One of the great advantages of the German health insurance scheme is the freedom and flexibility it offers. Whilst there are some circumstances that are harder to circumvent than others such as the difficulty in joining the public health scheme for those who have initially opted to be privately insured, there are always exceptions to the rules. These exceptions are based on an individual's unique situation and their right to be protected in the eyes of the state.

For example, a child who enjoys public health insurance without contribution as part of their parent’s plan may one day earn above the salary threshold and choose to opt for private health insurance. If that same individual then finds themselves unemployed, and therefore receives unemployment compensation (ALG I) from the agency of labour, they are then mandatorily insured within the public scheme again. Furthermore, if this person then became a freelancer or found themselves again employed with an income above the salary threshold, they again would have the choice to be covered by a private medical insurance provider. This is the beauty of the German health insurance system- there are restrictions to an extent but the liberties offered are far reaching and are often in keeping with an individual’s needs.

Supplementary private Health insurance

The majority of the population in Germany has statutory health insurance. Whilst these individuals enjoy solid care given the country’s high standard in healthcare, some may wish to add additional private coverage to counteract the limitations of the public German health care system. This is called supplementary private health insurance which allows for the provision of extra benefits. The limitation to supplementary private medical insurance is that this is not subsidized for the employer.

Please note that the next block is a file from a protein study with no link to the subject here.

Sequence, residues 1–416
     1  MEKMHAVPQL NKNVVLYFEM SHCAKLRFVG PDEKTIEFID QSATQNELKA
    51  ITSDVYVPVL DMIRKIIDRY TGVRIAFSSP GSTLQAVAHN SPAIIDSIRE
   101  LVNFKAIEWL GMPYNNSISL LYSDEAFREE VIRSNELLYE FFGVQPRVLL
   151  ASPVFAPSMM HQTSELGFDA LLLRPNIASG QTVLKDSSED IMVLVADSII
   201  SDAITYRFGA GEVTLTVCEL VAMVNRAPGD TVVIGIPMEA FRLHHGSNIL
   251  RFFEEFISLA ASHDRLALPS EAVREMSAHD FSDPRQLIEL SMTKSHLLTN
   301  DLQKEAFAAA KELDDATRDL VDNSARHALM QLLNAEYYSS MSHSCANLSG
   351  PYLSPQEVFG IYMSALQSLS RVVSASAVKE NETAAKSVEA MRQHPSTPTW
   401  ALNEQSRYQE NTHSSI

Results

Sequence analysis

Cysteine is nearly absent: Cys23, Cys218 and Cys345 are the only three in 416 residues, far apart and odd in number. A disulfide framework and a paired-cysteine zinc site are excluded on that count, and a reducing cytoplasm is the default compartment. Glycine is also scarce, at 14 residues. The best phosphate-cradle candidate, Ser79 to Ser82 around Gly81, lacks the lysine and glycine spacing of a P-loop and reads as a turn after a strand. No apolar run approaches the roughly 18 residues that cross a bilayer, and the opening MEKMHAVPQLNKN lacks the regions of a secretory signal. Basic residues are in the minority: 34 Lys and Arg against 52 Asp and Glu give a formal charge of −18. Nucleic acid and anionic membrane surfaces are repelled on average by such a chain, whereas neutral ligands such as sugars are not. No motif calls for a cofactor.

However, it is often favoured by employees as it includes such benefits as additional outpatient and inpatient care options, extensive dental treatment surrounding dentures and high quality fillings, the flexibility to be treated by alternative practitioners, coverage for glasses and contact lenses and preventative medical treatments.

Overview of benefits and weak points of public health insurance in Germany.

22 Must-know Facts About Health Insurance in Germany

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Travel health insurance

There are a different set of conditions that apply to your German health insurance when travelling and therefore, many opt to add additional travel health insurance, as a form of supplementary health insurance, to their existing health insurance package.

Given that supplementary travel health insurance can cost as little as €10 per year for single persons and up to €25 a year for couples and families, and is also not included as a deductible, many see this as a favourable option regardless of whether they are enrolled in the statutory healthcare system or insured privately. This is especially because medical costs are settled without co-pay or a need for a general deductible. Therefore, to be on the safe side, it is always recommended that individuals double check with their provider how travel health insurance can be included as supplementary health insurance.


How does the German Health Care System look like in general?

Germany is well known for having one of the best health care systems in the world, providing its residents with comprehensive health insurance coverage. Approximately 85% of the population are mandatory or voluntary members of the statutory health insurance, whereas the rest have chosen private health insurance plans. What keeps up quality is, luckily, that both systems are in a way competing with each other.

I am only a short-term visitor in German - Do I need comprehensive health insurance?